Artificial Intelligence (CPS 570), Fall 2014

WF 10:05-11:20, LSRC D106
Instructor: Vincent Conitzer (please call me Vince). Office hours: Monday 8:45-10am (LSRC D207), Wednesday 11:20-11:40am (catch me right after class), Friday 11:20-11:45am (catch me right after class).
Teaching Assistant: Andrew Kephart. Office hour: Wednesday 2:30-3:30pm in LSRC D301, and by appointment.
Textbook: Artificial Intelligence: A Modern Approach, Stuart Russell and Peter Norvig.

comfortable programming in language such as C (or C++) or Java
some knowledge of algorithmic concepts such as running times of algorithms; having some rough idea of what NP-hard means
some familiarity with probability (we will go over this from the beginning but we will cover the basics only briefly)
not scared of mathematics, some background in discrete mathematics, able to do simple mathematical proofs

If you do not have a standard undergraduate computer science background, the course may still be appropriate for you, but talk to me first. Well-prepared undergraduates are certainly welcome.

You do not need to have taken an undergraduate AI course (though of course it will help if you have).

Assignments: 35%
Midterm exams: 30%
Final exam: 30%
Participation: 5%

For a quals pass, you need a B+ grade or higher in the course. If you want to take the qualifying exam, it will be on Wednesday, August 20, 2014, 9am-noon, LSRC D106.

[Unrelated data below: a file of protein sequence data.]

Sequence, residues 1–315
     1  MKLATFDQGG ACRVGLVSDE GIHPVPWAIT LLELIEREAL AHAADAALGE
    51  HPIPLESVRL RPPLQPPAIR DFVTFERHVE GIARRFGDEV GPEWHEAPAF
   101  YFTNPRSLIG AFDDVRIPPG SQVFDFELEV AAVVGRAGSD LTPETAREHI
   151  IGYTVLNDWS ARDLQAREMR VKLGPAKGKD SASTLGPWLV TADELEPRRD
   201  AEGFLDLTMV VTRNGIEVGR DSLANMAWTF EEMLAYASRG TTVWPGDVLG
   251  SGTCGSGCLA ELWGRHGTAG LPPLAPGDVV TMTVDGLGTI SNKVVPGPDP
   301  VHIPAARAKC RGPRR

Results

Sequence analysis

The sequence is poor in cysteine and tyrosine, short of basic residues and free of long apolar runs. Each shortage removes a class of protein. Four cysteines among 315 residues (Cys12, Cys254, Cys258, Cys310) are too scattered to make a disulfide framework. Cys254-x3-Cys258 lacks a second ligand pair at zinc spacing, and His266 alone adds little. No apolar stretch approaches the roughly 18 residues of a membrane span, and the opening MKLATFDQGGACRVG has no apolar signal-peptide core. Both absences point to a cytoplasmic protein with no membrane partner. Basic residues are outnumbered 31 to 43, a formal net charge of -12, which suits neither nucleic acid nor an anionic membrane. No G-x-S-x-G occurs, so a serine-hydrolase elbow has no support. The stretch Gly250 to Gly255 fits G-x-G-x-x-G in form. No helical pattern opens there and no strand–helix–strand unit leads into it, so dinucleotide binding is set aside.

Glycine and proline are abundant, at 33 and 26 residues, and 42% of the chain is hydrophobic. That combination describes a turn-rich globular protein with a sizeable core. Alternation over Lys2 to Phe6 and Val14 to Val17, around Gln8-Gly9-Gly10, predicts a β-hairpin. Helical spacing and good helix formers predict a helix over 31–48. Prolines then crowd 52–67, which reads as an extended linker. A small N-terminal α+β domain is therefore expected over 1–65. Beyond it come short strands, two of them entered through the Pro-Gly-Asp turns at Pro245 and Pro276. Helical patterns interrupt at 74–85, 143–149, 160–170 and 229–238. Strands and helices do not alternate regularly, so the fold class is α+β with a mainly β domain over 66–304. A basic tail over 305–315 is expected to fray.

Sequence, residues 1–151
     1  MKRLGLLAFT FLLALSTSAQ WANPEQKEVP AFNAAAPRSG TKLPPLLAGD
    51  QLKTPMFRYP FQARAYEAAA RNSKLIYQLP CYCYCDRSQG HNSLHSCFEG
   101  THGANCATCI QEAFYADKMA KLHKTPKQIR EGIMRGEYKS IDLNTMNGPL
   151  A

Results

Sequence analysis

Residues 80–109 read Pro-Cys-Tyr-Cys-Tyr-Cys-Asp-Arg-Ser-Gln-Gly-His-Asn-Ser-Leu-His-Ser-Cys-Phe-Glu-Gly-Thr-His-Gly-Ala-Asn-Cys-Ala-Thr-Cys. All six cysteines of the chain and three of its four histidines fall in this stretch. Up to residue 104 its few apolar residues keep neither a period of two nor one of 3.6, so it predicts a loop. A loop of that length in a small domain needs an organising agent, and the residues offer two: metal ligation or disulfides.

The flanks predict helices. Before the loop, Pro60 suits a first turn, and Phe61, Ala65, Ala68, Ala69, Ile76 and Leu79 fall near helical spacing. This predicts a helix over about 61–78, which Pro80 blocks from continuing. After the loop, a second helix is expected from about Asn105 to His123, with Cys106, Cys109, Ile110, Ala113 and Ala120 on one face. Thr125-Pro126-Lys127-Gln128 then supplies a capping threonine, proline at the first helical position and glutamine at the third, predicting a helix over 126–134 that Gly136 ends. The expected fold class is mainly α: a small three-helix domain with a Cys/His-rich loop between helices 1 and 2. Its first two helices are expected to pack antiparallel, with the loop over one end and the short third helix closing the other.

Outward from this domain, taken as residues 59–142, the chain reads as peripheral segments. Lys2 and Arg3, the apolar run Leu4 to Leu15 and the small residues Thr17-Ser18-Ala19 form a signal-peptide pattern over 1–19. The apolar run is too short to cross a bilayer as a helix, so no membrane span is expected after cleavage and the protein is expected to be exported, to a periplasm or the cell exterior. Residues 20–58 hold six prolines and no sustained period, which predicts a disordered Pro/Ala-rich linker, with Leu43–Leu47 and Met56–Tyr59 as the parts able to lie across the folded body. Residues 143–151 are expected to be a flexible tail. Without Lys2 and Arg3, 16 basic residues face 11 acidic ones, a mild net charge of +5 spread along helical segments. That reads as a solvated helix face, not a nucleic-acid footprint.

For the homework assignments, you may discuss them with another person, but you should do your own writeup, programming, etc. This also means that you should not take extremely detailed notes during your meeting with the other person; if you can't remember what you talked about, you probably didn't really understand it...

I have not taught this course for a while so we will be flexible with the schedule. Each topic will probably take a number of lectures to finish.

Sometimes, a book chapter will include more information than what we cover in class; in those cases, for the purpose of exams, you are only responsible for what we covered in class.

For your convenience there are links to chapters that are available online (which would be useful if you have an old edition of the book; the chapter correspondence is here).

Date Topic Materials
8/27 Introduction. Chapter 1.
Introduction slides: ppt, pdf.
8/29-9/12 Search. Constraint satisfaction and optimization problems. Chapters 3, 4, 6.
Search slides: ppt, pdf.
More search slides: ppt, pdf.
For more about linear and integer programming, you can go to the website of a course I taught recently; especially the introduction and branch and bound lecture notes might be useful.
Homework 1. Helper files: knight distances, queens file from Andrew, tile puzzle file 1 from Andrew, tile puzzle file 2 from Andrew.
9/17, 9/19 Game playing. Chapter 5.
Slides: ppt, pdf.
9/19-10/8 Logic. Chapters 7, 8, 9.
Propositional logic slides: ppt, pdf.
First-order logic slides: ppt, pdf.
Homework 2.
10/10-10/15 Planning. Chapter 10.
Planning slides: ppt, pdf.
Homework 3.
10/17-11/5 Probabilistic reasoning. Chapters 13-15.
Probability slides: ppt, pdf.
Bayes nets slides: ppt, pdf.
Markov processes and HMMs slides: ppt, pdf.
Homework 4.
11/5-11/21 Decision theory. Markov decision processes, POMDPs. Game theory. Chapters 16, 17.
Decision theory slides: ppt, pdf.
MDP/POMDP slides: ppt, pdf.
Game theory slides: ppt, pdf.
Homework 5.
SKIPPED Machine learning (briefly, if time allows). Chapters 18, 19, 20, 21. (You do not need to know this in great detail since we will spend so little time on this in class, the chapters are just in case you're interested.)
Wrapping up.